A commission to create a painting from photographs
for an intern leaving for the next leg of her journey landed on my desk.
I typically work on several images at the same time;
it relieves the pressure in case one goes awry when a deadline is involved.
The two photographs that appealed to me most are shown below.
*the image above is for the studio voyeurs, of which I am one*
I never intended for them to be replications but interpretations of the images.
The joy of owning a painting instead of snapshot is the artist’s interpretation.
Above, the first image, with the addition of a mid-century modern car, sketch to final.
Below, steps from inked sketch to finished watercolor on the second image.
I began with masking fluid. I could be very very careful,
but why, when I can mask off the areas and splash around freely?
Tiny flowers, window frames, car lights (in the first image above.)
Next come the underlayers:
Grisaille, this time in the form of grey ink for shadows, window panes, rooftops;
Brunaille, the underlayer of brown in inks and paint for sidewalk and rooftop; and
Verdaille, in this case used as underlayers of green, both the bright shown and a grey-green not shown, both of which allows a tie in of the other greens as they are applied.
Beginning colors that will not interfere with the overwhelming greens in the image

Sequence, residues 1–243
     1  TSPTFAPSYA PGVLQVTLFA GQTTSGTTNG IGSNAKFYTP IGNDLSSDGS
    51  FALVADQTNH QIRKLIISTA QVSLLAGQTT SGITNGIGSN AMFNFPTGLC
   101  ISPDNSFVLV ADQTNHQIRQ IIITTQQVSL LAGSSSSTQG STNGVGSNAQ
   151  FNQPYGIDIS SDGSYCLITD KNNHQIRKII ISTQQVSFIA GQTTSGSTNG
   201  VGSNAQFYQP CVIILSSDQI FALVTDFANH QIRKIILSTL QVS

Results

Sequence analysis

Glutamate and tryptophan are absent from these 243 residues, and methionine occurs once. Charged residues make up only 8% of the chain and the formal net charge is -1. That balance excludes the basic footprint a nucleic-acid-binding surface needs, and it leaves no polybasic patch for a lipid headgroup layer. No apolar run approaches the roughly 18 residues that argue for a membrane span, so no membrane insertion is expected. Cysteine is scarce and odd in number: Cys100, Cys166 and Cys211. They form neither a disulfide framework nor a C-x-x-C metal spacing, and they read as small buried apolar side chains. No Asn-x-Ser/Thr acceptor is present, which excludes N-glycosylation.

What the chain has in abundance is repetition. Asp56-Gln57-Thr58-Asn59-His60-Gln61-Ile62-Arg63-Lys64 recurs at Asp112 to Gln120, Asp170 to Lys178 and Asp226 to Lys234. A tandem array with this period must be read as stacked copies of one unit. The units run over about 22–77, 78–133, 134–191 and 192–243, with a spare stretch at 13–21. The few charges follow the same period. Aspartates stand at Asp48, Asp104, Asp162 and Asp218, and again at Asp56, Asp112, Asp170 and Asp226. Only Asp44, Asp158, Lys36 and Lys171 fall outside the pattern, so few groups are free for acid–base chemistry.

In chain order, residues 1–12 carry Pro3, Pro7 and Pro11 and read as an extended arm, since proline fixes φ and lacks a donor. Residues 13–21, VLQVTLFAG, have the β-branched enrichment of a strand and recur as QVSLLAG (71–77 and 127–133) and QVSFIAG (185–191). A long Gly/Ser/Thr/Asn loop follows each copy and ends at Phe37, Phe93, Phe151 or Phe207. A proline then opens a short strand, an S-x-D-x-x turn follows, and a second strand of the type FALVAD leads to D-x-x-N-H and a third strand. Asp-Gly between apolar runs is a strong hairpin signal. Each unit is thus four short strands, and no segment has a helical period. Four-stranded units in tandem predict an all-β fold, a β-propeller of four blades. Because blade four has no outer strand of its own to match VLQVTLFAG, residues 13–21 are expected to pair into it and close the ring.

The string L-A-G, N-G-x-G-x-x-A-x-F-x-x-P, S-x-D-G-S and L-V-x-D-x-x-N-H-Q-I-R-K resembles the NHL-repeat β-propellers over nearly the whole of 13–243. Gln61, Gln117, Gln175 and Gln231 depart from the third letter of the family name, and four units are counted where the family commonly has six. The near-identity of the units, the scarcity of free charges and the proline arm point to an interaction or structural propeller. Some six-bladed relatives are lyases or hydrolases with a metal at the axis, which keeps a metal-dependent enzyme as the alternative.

were next: blues and purples and browns. So many of the houses are colorful;
I decided to paint these homes in typical colors of the neighborhood.
Once I got started I forget to stop for process shots!
I worked greens for several layers, and overworked one area which you will see I later lifted and softened by balancing darks. Reds and additional browns were added last.
Above are details of the succession of masked areas
before removal, after removal, and with the additional painted colors onto the
masked areas. Not all were painted; white left adds to the painting!
Two differences in an urban sketch:
not so much layered paint as one broad stroke of paint color in an area; and
the time is not taken to articulate the leaves… they become a color, a suggestion,
whereas in a painting I am likely to detail leaves in my own suggestive manner.
©D. Katie Powell.
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I teach architectural sketching,
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